Boyhood is the front-runner in this year’s Sydney Film Festival Competition, to be decided on Sunday. In it, American writer and director Richard Linklater looks at a young boy’s life from the beginning of school to the start of university. Sounds boring? Let’s remember who the director is.
Linklater’s films are most commonly associated with youth counter-culture, from Slacker (1991) to Dazed and Confused (1993) to Waking Life (2001) to School of Rock (2003) and the Before films (1995, 2004, 2013), his characters wander reflectively through critical moments in their own lives.
The social institutions of education are crucial to these reflective ruminations. Linklater’s slackers are not existential loners but epistemological questers: their wanderings are not solo but rather collective. The collective is defined by inquiry and discovery. Linklater’s wandering bands can be placed in interesting juxtaposition to director Jim Jarmusch’s soloists.
Back to Boyhood. As usual, Mason (Ellar Salmon) is not alone; he moves through life with others, principally his mother, Olivia (Patricia Arquette), and his sister, Samantha (Lorelei Linklater) but also his father Mason Sr (Ethan Hawke) whom, while estranged from his mother, enters the boy’s life and develops an ever stronger and more intimate relation with his son and daughter.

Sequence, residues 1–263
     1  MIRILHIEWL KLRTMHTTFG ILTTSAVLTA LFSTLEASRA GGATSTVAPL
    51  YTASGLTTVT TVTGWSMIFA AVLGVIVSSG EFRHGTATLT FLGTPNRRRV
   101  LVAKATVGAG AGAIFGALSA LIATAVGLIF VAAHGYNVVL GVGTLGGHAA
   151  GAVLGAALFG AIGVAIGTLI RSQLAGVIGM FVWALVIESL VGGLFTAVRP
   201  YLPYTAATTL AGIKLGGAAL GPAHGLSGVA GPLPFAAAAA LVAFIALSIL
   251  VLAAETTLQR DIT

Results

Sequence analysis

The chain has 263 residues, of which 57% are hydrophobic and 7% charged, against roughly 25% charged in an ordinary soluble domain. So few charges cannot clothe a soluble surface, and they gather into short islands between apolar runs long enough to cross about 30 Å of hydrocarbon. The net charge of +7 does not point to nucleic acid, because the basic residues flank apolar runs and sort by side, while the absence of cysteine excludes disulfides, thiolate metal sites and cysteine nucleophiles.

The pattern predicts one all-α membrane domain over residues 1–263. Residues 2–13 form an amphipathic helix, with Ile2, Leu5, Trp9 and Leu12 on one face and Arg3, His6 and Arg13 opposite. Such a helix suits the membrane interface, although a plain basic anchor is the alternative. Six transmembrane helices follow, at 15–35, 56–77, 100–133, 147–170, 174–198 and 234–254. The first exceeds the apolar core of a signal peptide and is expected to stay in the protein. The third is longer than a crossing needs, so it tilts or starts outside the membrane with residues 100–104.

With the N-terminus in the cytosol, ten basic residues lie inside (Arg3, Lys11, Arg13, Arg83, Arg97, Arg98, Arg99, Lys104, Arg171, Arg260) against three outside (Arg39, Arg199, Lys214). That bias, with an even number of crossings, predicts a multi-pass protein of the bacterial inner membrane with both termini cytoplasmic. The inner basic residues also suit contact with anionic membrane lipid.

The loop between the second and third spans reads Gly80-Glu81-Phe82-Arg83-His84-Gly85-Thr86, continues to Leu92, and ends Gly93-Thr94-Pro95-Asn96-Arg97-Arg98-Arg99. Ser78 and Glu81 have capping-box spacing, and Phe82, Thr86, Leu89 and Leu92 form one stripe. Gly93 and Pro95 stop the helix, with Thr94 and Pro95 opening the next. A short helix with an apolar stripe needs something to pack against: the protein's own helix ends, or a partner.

The estrangement of his parents is decisive but not destructively so. It is decisive since Olivia must follow work, but it is not destructive because the movement from job to job, from place to place, and school to school proves, in the end to be not aimless but ambitious. It’s not entrapment in poverty but social mobility, both for Mason Sr who maintains contact regardless of where in Texas his children live, and for Olivia, who becomes a university professor.
The film ends on the eve of Mason’s exit to university. In fact, by the end of the film every member of the family is either at university or has recently changed their life through university education. What is more, they do this through the non-elite state-based university system.
Boyhood clearly extends the reach of Linklater’s other films. This film manages to span 12 years of fictional time and 12 years of real time, though Patricia Arquette and Ethan Hawke do not seem to age that much – that is perhaps why Linklater gives Hawke an incongruent moustache, to force him to age a little.
This composition of the real and the fictional is its greatest achievement. By the end of the film we feel a sense of the complexity of real time. Where other film-makers opt for complexity of time through non-sequential plotting, or through plotlessness, Linklater goes for the complexity of lived time.
The film works principally by creating a sense that events are subsumed in the wider, deeper and more profound movement of life. in that sense, it’s less about the boy than the surrounding “hood”.
I see the shadow of Italian director Frank Capra in Linklater’s work. I’m not surprised this film is already winning plaudits.